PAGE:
LINCOLN, Neb. – Medicare prescription coverage can be a complicated subject with 23 drugs plans to choose from, various plan rules that determine your out-of-pocket cost and potential restrictions that could interfere with your prescribed therapy. Understanding what these rules are and what you can do concerning potential restrictions is important to ensure your drug therapy stays on track. In addition to this you need to be aware of how a Medicare prescription drug plan works. The different rules can affect what you pay.
What is a Medicare prescription drug plan?
A Medicare Part D Prescription Drug Plan is a separate insurance plan those on Medicare purchase to help cover the costs of their medications. Part D covers both brand-name or generic drugs. Part D does not cover over the counter medications nor does it cover most prescription vitamins and mineral products. If you choose to get your Medicare coverage through an Advantage Plan you typically do not need to choose a Part D Plan. Most Medicare Advantage Plans offer the same drug coverage as a Part D plan.
What costs can you expect with prescription drug coverage?
Prescription drug plans charge a premium. This year the premiums range from $20 - $101. Other costs associated with your prescription drug coverage may include a deductible, up to $405 this year, and copays and/or coinsurance payments. The copays and coinsurance are the out-of-pocket you pay for covered drugs after you have met your deductible. There are different phases during the calendar year that determine your out-of-pocket. Depending on the phase you could see these copays and coinsurance amounts fluctuate during the year, resulting in your out-of-pocket costs ranging between 5% and 44%.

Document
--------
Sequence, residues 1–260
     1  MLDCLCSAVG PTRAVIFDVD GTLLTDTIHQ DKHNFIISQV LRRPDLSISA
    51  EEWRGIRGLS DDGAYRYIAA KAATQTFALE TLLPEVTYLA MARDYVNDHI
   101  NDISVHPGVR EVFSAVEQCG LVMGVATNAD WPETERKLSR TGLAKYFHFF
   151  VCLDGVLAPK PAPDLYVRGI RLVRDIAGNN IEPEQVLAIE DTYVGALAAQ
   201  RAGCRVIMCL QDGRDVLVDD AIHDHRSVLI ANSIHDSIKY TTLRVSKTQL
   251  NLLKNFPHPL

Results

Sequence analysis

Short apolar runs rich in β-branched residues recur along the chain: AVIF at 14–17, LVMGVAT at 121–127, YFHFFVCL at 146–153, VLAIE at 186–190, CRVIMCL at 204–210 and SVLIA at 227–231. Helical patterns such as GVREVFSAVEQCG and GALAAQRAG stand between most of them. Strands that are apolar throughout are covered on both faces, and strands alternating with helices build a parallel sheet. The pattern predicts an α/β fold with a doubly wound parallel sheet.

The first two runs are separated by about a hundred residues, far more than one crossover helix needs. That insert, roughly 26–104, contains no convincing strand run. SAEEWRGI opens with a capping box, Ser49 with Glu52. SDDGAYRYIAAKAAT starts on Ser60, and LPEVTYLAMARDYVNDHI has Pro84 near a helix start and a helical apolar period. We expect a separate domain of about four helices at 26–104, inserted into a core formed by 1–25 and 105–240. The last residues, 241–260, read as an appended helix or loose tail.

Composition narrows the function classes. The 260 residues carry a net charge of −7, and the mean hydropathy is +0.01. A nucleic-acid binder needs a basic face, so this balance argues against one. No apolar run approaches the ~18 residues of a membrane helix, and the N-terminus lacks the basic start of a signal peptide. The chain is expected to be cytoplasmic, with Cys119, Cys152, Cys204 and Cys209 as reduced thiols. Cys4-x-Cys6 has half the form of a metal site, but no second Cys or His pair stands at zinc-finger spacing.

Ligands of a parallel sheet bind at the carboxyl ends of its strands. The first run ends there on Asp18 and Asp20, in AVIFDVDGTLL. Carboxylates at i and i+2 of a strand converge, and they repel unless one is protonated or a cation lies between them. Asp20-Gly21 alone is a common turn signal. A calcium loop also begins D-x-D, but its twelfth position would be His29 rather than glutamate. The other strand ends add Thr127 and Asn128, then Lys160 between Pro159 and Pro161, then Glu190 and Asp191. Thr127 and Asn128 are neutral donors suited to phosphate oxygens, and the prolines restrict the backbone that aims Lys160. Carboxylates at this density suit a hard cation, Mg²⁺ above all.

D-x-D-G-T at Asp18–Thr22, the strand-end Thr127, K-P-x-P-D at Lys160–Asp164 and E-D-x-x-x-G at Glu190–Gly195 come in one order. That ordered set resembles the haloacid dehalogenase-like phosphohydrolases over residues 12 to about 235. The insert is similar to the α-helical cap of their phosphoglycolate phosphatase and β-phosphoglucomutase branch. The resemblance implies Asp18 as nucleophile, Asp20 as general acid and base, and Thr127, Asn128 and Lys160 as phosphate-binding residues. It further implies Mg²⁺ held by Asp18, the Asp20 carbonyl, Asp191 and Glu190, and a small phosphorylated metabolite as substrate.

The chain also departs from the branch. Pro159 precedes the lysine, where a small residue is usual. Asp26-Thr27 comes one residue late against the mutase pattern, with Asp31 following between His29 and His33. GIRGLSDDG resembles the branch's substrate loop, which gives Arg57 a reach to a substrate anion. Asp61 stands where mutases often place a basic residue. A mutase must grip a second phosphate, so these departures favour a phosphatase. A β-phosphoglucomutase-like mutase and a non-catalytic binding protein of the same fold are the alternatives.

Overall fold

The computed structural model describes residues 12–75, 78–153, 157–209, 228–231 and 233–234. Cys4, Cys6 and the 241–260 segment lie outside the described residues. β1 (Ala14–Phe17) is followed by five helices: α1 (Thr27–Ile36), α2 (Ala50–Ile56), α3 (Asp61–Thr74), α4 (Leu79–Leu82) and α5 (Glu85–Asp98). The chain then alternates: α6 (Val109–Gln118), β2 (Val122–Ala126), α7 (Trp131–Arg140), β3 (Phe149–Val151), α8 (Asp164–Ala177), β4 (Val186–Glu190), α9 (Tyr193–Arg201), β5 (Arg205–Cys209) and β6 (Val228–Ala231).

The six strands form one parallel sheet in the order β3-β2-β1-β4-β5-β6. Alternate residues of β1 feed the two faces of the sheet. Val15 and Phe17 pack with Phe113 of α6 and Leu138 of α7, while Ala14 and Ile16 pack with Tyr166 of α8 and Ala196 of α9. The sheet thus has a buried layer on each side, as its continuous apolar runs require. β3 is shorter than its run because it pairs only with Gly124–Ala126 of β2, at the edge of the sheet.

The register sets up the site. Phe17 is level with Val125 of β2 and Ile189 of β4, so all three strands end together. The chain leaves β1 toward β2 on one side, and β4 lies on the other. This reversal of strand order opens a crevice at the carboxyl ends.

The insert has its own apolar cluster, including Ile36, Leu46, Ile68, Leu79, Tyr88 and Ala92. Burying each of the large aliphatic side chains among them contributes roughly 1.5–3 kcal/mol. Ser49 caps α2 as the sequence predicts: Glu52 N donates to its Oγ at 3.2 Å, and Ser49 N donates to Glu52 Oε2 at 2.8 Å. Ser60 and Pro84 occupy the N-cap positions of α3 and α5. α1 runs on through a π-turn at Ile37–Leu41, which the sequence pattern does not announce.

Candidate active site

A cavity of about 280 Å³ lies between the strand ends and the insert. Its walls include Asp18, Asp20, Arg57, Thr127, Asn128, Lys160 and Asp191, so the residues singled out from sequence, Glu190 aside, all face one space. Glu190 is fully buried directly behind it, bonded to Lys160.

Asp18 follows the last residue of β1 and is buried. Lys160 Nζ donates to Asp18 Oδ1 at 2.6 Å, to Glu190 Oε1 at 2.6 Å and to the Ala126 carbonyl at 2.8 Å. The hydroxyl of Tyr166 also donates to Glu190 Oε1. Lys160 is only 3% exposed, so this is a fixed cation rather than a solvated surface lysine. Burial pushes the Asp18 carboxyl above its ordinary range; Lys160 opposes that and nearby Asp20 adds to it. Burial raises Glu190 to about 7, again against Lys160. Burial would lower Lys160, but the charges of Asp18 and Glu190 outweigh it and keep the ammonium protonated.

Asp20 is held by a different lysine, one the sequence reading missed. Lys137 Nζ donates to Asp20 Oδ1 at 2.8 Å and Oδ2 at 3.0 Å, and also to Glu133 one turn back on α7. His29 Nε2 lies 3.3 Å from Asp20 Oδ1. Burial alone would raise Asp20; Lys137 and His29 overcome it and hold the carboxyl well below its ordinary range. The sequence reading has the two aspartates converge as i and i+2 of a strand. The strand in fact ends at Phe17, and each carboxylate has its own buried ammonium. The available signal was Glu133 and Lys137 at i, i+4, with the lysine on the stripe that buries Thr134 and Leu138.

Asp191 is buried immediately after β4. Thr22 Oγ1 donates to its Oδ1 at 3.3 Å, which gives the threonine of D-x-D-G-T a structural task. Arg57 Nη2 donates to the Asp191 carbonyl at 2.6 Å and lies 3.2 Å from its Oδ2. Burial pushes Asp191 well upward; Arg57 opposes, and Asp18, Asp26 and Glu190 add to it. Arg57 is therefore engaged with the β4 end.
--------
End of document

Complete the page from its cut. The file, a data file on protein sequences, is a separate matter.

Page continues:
What can you do if you are having trouble covering your prescription costs?
There are a few options available for those people who may be experiencing difficulty covering their prescription costs. One option is known as Extra Help. Extra Help is a federal program that helps pay for some to most of the out-of-pocket cost of Medicare prescription drug coverage. Extra Help is also known as a Low-Income Subsidy or LIS.
In order to qualify for Extra Help you will need to meet income and asset requirements. A single individual must have monthly income less than $1,538 per month and assets limited to $14,100. A married couple living together must have income less than $2,078 per month and assets limited to $28,150. Note that the asset limitation does not include one vehicle or the home in which the individual resides.
Extra Help offers the following benefits:
n Assistance paying for some or all of your Part D premium
n Lowers the out-pf-pocket cost of your prescription drugs including your deductible and copays or coinsurance
n Eliminates any Part D late enrollment penalty you may have if you delayed enrollment
Are there any other options to help with Part D drug costs?
If you do not qualify for Extra Help there are other potential options to help with your prescription drug cost. One option is a Patient Assistance Program (PAP). A PAP may be able to provide free or low-cost drugs directly from the company that makes them.
Other options include speaking to your doctor about your current medications. Are you currently taking a name-brand drug that has a generic option? Generics drugs are often less expensive than brand-name drugs, so it is a good idea to find out if a generic could work just as effectively as the brand-name drug. Also, if you are experiencing temporary difficulty covering you medications you may be able to ask your doctor for samples.
If your drugs are not covered by your plan or if your drugs are covered but are assigned to a high cost-sharing tier, you can appeal to your plan for a formulary exception, asking the plan to cover the drug not on their drug list, or a tiering exception, asking the plan to assign your drug to a lower-cost sharing tier.
If you have questions about Extra Help, Patient Assistance Programs or other Medicare drug coverage questions you can contact Nebraska SHIIP at 1.800.234.7119. Nebraska SHIIP is a division of the Nebraska Department of Insurance and is the State of Nebraska’s source of unbiased Medicare education and counseling.